I smiled and then raved a bit with righteous rage (being a techie in the inside meant the slur of “spaghetti code” and blaming it all on the developers touches a nerve or two). Then I cooled down and decided to write my “ultimate guide to safer outsourcing” or something along those lines. Which, by the way, is what I was planning anyway for my series on software project outsourcing – the first of which appeared last week: deciding whether to outsource or not? But a little more reflection led me to ask:

 Was I also not hiding behind righteous indignation and the comfort of the “blame them” myself? Weren’t there a story or two of my own where things went wrong?

Let’s face the facts; a software project is difficult to pull off smoothly even if the team is in-house. Add to that difficulty a team that is miles (sometimes thousands of miles) away, different culture, different language and different time-zone – you have a really risky venture. There are of course ways of managing that risk. They are time honored, field tested and pretty fool-proof – but they are to be the subject of a different article soon. Today, I’m going to face my nightmare and tell you the story of how everything went wrong in one of our projects, and (happily) how we survived and saved that project. I can’t go into too much details, of course, but will stick more to an overview and on what we learnt from the experience which I think will be of more value to my readers.

The project

It was an angel funded project trying out a very innovative solution for a common problem that happens in large companies. There were three people on the client’s side with none of them with any prior experience in software. They had an existing codebase – a left over from a different company that they had used and did not like.

The spec

We received a large amount of documents at varying degrees of up-to-dateness (and yes, that is an acceptable noun). Then we did several sessions of going through the concepts. We found that the clients have actually moved away from many of the features as described in the specs. This is something very common with start-up, actually it was surprising that they had specs at all, so we were not worried.

The process

We are an agile shop when it comes to process. For startups we choose a Kanban model, where pretty much everything thing can change at the last minute (within reason). This works best for start-ups because most of their priorities and product requirements move with time.

We chose trello for issue management, google docs for sharing documents, github for source control. We put a tried and tested scheme of weekly meetings and daily builds. Since we saw a lot of instability in the feature requirements, we added a short but daily feature discussion session with the clients and our designer and  project manager.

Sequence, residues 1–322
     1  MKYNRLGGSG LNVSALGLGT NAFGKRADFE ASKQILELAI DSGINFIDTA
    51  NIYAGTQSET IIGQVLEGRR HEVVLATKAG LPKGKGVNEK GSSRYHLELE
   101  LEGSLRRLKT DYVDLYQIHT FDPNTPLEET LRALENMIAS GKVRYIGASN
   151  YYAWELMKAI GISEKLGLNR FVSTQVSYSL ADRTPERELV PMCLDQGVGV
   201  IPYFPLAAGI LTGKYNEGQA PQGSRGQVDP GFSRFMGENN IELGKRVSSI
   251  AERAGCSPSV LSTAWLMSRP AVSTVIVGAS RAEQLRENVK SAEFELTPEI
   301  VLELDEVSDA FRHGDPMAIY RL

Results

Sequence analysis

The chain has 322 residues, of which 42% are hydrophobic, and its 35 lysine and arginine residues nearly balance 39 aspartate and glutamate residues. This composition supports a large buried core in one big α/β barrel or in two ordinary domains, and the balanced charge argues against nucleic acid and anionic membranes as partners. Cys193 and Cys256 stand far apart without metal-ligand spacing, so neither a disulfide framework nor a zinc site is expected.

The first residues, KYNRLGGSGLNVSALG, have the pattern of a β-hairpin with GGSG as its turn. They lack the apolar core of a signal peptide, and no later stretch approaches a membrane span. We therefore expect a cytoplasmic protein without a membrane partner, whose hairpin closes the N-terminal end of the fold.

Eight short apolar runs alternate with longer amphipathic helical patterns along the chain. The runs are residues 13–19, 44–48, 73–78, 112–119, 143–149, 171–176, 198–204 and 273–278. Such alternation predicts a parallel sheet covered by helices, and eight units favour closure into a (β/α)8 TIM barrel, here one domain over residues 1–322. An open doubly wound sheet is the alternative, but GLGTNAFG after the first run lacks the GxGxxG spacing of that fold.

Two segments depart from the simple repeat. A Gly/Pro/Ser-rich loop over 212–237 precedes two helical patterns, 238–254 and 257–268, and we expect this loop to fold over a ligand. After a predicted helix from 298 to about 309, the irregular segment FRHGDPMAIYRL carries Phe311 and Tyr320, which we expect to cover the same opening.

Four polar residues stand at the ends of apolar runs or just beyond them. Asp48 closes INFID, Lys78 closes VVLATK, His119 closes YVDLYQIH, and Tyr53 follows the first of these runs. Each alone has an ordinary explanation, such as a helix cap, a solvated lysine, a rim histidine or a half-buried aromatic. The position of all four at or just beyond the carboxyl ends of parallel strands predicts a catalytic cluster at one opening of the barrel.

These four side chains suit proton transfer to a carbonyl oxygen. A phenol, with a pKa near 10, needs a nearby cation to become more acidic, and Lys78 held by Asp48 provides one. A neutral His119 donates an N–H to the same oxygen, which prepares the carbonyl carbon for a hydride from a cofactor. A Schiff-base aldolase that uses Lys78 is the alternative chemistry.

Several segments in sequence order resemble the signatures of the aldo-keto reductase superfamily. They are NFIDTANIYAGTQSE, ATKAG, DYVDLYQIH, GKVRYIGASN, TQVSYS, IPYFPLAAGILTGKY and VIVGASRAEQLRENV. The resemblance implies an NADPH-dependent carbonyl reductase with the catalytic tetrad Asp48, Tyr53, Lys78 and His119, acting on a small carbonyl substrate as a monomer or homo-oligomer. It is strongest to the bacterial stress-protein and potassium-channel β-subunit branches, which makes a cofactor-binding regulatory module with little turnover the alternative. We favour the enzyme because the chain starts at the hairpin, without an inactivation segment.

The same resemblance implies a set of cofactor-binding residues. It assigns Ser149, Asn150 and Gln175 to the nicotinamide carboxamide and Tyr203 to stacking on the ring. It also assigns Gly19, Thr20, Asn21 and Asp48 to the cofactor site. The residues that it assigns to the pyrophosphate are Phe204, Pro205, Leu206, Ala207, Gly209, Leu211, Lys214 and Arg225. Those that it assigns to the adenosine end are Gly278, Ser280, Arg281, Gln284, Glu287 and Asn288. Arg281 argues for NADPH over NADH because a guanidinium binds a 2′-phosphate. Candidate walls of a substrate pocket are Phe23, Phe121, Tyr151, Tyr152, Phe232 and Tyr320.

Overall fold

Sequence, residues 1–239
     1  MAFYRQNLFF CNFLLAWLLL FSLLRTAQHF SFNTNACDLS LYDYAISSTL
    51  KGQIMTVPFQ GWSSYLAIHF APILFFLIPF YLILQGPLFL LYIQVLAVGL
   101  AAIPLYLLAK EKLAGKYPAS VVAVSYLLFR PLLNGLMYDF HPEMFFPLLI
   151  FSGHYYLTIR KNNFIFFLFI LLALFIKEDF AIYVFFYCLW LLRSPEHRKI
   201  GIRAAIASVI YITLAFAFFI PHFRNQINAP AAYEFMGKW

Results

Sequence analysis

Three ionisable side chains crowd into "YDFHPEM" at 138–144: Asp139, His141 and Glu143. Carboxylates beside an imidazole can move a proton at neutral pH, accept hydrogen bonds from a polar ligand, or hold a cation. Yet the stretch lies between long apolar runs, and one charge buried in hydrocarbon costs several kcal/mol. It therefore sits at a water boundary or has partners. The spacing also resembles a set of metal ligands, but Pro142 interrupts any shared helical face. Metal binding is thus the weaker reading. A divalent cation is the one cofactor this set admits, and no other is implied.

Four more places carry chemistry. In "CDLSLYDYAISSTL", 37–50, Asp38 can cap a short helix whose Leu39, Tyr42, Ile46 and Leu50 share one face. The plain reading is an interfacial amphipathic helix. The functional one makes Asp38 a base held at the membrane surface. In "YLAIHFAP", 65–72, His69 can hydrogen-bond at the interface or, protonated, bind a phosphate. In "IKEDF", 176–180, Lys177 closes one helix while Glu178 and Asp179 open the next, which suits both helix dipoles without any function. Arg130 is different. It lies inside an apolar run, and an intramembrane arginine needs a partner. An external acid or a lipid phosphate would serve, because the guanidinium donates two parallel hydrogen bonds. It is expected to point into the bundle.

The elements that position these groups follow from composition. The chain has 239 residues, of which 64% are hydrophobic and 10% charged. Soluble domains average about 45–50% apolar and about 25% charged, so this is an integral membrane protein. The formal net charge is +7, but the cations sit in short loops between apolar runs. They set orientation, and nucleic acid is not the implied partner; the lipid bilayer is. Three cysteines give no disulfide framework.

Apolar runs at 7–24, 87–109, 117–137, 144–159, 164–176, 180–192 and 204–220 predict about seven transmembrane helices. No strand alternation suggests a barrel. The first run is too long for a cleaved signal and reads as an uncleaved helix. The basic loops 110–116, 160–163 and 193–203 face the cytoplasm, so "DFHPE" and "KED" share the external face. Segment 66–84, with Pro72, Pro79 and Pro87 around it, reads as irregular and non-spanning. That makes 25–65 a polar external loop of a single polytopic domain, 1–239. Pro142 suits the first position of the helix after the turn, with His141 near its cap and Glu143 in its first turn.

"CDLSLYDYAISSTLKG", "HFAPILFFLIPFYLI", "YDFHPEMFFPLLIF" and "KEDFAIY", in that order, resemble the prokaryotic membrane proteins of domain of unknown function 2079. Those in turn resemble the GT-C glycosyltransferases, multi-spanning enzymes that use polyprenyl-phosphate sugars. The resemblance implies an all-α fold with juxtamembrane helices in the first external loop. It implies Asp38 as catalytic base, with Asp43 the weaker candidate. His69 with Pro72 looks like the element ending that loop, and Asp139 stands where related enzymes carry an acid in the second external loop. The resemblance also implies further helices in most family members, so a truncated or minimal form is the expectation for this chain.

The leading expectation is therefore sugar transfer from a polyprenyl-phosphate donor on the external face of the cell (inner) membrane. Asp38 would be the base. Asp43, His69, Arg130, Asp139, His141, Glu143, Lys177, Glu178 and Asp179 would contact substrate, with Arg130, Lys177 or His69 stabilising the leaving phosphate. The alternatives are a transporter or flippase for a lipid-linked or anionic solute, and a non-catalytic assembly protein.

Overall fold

The nightmare

Almost from the start things started going wrong. We kept getting feedback that the product features were not what they were expected to be, this led to piling up of tasks that were adjustments to features we’ve already done. This backlog led to delays in delivery of major releases planned – which led to our clients losing important business. Something was very wrong, but we didn’t know what it was. We had put in all our standard safety measures in. We were communicating (maybe too much) on a daily basis. It just didn’t make sense.

The realization

After several missed deadlines and lost weekends (which we avoid the like the plague because it’s the worst thing you can do the developers’ productivity) we decided we need a proper retrospective. We pinned the problem down to the following:

1.       Clients could not visualize the features that were to be built based solely on the wireframes we were using. We had opted to do quick wireframes to speed up the process to meet the delivery schedules of the client (typical for start-ups that need to demo to prospective investors).

2.       The feature priority that the clients were setting was not taking into consideration the relative level of effort for the features. So we were not doing the good practice of picking up easy to do features first even though they might be slightly lower in priority than other harder features.

3.       Unrealistic expectation about deliveries, and correspondingly ambitious estimates from the team trying to appease those expectations.

The happy ending

We spent days thinking up of new and quite frankly convoluted fixes. But finally we boiled them all down to an absurdly simple solution – there needs to be a techie on our client’s side.

We managed to convince our clients (somehow, don’t ask me how!). They hired a consultant who would work with them 3 days a week in a role of a product manager. And things changed for the better almost immediately. The fix really felt like a miracle cure.

The moral of the story

… is that: there is no single formula for making your outsourced software project safe from disasters. There are prescribed best practices that you must follow, but stay alert for signs of failures and jump in with remedies when you see them.

Well that’s the horror story. You can never really depend upon a foolproof process in this world. But there is one thing you can certainly depend upon – there will always be an appropriate dilbert strip that you can steal, for anything to do with life in engineering. Here is my loot for today’s article.

Interface between technology and business